Soldiers Forced to See Chaplain After Failing Spiritual Fitness Test

*Groan* Yet another sneaky way the US armed forces push religion.

Views: 197

Replies to This Discussion

The Army also pays for Xian "entertainment" and even requires attendance. Why Is the Military Spending Millions on Christian Contractors Bent...

Not only is the music itself overtly Christian, but during the concerts there are light shows of large crosses beamed all over the stage, and the performers typically give their Christian testimony or read Bible verses between songs. [emphasis mine]

Ridiculous and unsupportable ... the religious test BS, of course.  I hope the soldier who was unnamed in the article can get the level of support he needs to take this crap DOWN.  I wonder if the FFRF could provide him with some aid?

I would think that the FFRF could give him legal aid -- he just needs to report that to the legal team.  They win many cases involving keeping church and state separate.

And the U.S. military is only one branch of our government involved in such rediculous practices- State of Florida Dept. of Corrections has faith-based camps which host religious programs as part of the inmates "rehabilitation"-of course the inmate must opt in to this program, but it DOES produce a dichotomy concerning preferential treatment to inmates who simply say "I believe".  Tim Tebow has even made appearances at one camp to "witness the lord" to inmates.  Yeah--our tax dollars at work!  
I don't think most people realize the degree to which the Dominionist, also known as the Christian Reconstructionist, brand of Christianity has infiltrated our military. To their thinking the Middle East wars are a Christian crusade against the Muslim hoards – they are following the cross of Jeebus.
Think of the most radical Islamic Jihadist - then change Allah to Jehovah and you have the Dominionist.  Religion at its irrational, psychotic and murderous finest

Our xian hordes are indeed a problem. Dominionists want to replace the Constitution with the OT.

Some of America's church/state separation organizations are taking on the military xians in both lawsuits and political action. Also, I've seen at least one military c/s separation organization icon on A/N's home page.


Spiritual fitness test sounds like a "mandatory formation" (show up on time or get locked in the brig) to me. Seems like effective constitutional metrics for judging soldier moral have gone out the window all together with these Christian commanders. What they are doing with the Global Assessment Tool sounds like an abuse of power the way it's being implemented. And to think, I had been rationalizing my departure from Fundie elements in the U.S. Military chain of command as an aversion to bypassing my immune system with mandatory seasonal swine flu inoculations!
this is patently illegal,  when i joined the coast guard i swore to uphold the constitution.  do they still do that or is it now, uphold the bobble?
The dominionists don't care what Jefferson and company would have thought.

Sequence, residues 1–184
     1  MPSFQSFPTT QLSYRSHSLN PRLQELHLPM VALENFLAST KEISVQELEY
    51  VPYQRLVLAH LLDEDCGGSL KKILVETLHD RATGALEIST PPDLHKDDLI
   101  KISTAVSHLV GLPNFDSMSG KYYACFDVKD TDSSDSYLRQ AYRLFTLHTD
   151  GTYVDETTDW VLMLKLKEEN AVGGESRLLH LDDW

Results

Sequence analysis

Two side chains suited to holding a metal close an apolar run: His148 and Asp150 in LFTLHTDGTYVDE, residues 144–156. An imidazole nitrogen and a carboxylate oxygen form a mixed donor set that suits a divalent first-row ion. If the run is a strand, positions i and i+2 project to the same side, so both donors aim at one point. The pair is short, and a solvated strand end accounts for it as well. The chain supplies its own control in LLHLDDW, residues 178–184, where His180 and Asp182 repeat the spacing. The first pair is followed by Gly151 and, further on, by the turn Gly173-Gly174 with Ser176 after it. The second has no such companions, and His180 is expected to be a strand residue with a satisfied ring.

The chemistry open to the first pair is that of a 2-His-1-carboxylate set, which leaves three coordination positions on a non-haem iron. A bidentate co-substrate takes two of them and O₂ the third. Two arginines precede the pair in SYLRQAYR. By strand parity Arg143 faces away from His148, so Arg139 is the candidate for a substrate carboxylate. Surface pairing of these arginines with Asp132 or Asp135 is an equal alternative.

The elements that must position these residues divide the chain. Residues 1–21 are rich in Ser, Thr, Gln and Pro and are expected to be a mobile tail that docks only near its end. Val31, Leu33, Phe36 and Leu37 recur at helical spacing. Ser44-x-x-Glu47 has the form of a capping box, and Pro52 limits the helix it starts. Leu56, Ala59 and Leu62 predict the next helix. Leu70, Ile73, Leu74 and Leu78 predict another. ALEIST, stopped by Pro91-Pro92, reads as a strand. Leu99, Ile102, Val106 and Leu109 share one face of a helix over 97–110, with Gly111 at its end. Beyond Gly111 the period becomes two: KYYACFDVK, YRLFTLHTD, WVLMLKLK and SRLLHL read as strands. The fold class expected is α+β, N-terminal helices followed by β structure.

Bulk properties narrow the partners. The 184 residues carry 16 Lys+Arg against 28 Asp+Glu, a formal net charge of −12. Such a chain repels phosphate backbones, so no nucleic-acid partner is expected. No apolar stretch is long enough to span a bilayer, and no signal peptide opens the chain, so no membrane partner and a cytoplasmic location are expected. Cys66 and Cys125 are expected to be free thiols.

isn't that neocon thinking?

This is a very good question, which I have often pondered at length.  As I can best deduce from observation it has a somewhat "porous" answer.


 Neocons, like conservatives, tend to desire defense of the cherished "big business interests" of the old dominionists(oil, banks/finance, pharmaceuticals, insurance)through tax-breaks and financial incentives that would never be afforded to smaller businesses.  They even demand the representation of corporations as human beings with the same-and often more-rights as citizens. (In economics this is usually refered as the concept of "business entity"). 

 They often cite that since businesses produce revenue-something which few human beings do on their own-that corporations in fact, deserve more rights than human beings.

 They differ from the old guard conservatives only in that (following Ayn Rand's lead,) many neo-cons are atheists with no or little regard for religion.  In Ms. Rand's times this was the cause of many republicans distancing themselves from her.  Many of Rand's devotees of the 1950's found firm grounding in the Ayn Rand Institute-which became a germinal think-tank for the neoconservative movement (students of this school of thought tended to be somewhat "bookish" or detached from crowds-many of them sought jobs as behind-the-scenes political advisors, where they could employ their powers of persuasion without having to deal with people).  Think Dick Cheney or Newt Gingrich.

  Most Rand-ians displayed open disrespect for anything involving faith or religion-likening it with soft-headed sentimentality and bemoaning the fact that faith can stand in the way of some folks going along with declaration of wars which always benefit the dominionists or with open destruction of the environment for financial gain as "disrepect for God's creation".  

 However later it became evident to many of the architects of the movement that religion is always the quickest to step in line where money is to be made and in today's neo-conservative arena, populism has made a comeback and the trend to employ the good ol' church/state/military complex for mass effect as a political ploy remains popular due to it's effectiveness. 


 I hope this kind of points out the "finer points" of the definition between "con" and "neo-con" and you're not looking at the screen right now like "say what...?"  I know that sometimes I'm not real good with putting my thoughts into words, sooooo....

For now, I'll just say "'kay, bye"!  

Perhaps it's some sort of masonic code thingy.  Maybe if you take away some of the letters it makes more sense. Let's give it a try:


             "neo-con thinking"= "n(eoc)-on thinking"="non-thinking"

Yeah.  That works!




Update Your Membership :




Nexus on Social Media:


© 2018   Atheist Nexus. All rights reserved. Admin: Richard Haynes.   Powered by

Badges  |  Report an Issue  |  Terms of Service